Audrey - Marine Biologist Navigates Misophonia with Therapy and Support

S4 E4 - 3/31/2021
This episode features Audrey, a marine biologist living on San Juan Island, Washington, who shares her journey of discovering she has Misophonia, exploring therapies, and coping with the condition in various aspects of her life. Audrey talks about growing up with the condition, dealing with family activities, and her experience in masking the condition during school. She highlights the moment she realized Misophonia had a name, facilitated by an article sent by her dad. Audrey details the challenges of explaining her triggers to family and friends and navigates through her coping mechanisms, particularly emphasizing the role of therapy with Tom Dozier and the significant support from her partner who doesn't have Misophonia. Audrey's story also touches on her work environment, accommodations, and the importance of advocacy and awareness for Misophonia. The conversation ends with Audrey's reflection on her journey, emphasizing the relief in knowing she's not alone and sharing a bit about her life on the island and the pivotal role of her dream job as a marine biologist.


Adeel [0:00]: Welcome to the Misophonia podcast. This is season four, episode four. My name is Adeel Ahmad and I have Misophonia. And this is the show where I chat with other people who are also dealing with Misophonia. Today I'm speaking with Audrey, a marine biologist up on an island off of Washington state. Audrey just found out her condition had a name last year and immediately dove into learning as much as she could and seeking therapies. This also includes going to Tom Dozier, so this is an interesting follow-up to my previous episode with him. We also talk about all the usual stuff of trying to get through family activities growing up, as well as now as an adult. Find us on social media at Misophonia Podcast on Instagram and Facebook and now on TikTok or on Twitter at Misophonia Show. You can find all those links on the website and even contact me from there if you like. All right now, here's my conversation with Audrey. Audrey, welcome to the podcast. Good to have you here.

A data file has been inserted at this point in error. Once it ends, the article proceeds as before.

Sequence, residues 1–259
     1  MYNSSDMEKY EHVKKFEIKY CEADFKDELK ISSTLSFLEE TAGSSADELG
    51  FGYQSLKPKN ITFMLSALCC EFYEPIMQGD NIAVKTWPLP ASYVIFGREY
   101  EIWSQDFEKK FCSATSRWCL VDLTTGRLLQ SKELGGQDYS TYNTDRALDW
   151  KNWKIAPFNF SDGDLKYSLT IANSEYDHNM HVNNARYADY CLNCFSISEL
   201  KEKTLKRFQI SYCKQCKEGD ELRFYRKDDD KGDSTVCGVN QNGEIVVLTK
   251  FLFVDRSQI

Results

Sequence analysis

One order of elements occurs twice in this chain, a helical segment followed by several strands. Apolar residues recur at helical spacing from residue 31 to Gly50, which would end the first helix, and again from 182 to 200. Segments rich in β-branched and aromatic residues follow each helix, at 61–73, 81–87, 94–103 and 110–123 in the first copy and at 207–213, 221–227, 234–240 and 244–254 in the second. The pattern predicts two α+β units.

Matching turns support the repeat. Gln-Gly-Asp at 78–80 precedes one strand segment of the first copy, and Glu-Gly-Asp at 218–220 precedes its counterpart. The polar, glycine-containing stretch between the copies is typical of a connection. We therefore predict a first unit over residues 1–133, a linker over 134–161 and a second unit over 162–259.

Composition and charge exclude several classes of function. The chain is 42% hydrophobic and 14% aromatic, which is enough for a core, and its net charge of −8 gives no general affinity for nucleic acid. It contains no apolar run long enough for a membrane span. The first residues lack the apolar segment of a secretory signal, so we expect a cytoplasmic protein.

Audrey [1:07]: Thanks for having me. I'm really excited.

Adeel [1:10]: Yeah. So, you know, I like to ask my usual question kind of about whereabouts are you located?

Audrey [1:18]: Yeah, I am up on San Juan Island. So pretty much as close to Canada as you can get in Washington. So super Pacific Northwest.

Adeel [1:28]: Oh, I love that area.

Audrey [1:29]: Yeah, it's been just a dream. It's a pretty nice place to be during COVID because everyone's been pretty responsible and Yeah, our numbers have stayed down, so yeah, not bad.

Adeel [1:42]: Yeah. And so that's just so that's I know I used to live in Seattle briefly. Is that like even more remote than like Bainbridge Island and Vashon Island, like even more west?

Audrey [1:53]: Yeah, it is. Yes, I'm actually from Tacoma, so I'm pretty familiar with Vashon. And so I had never actually been to San Juan Island before I moved up here. And so I was thinking it would be kind of like that. But yeah, I think it's just more of a tight knit community and like everyone knows everyone kind of community.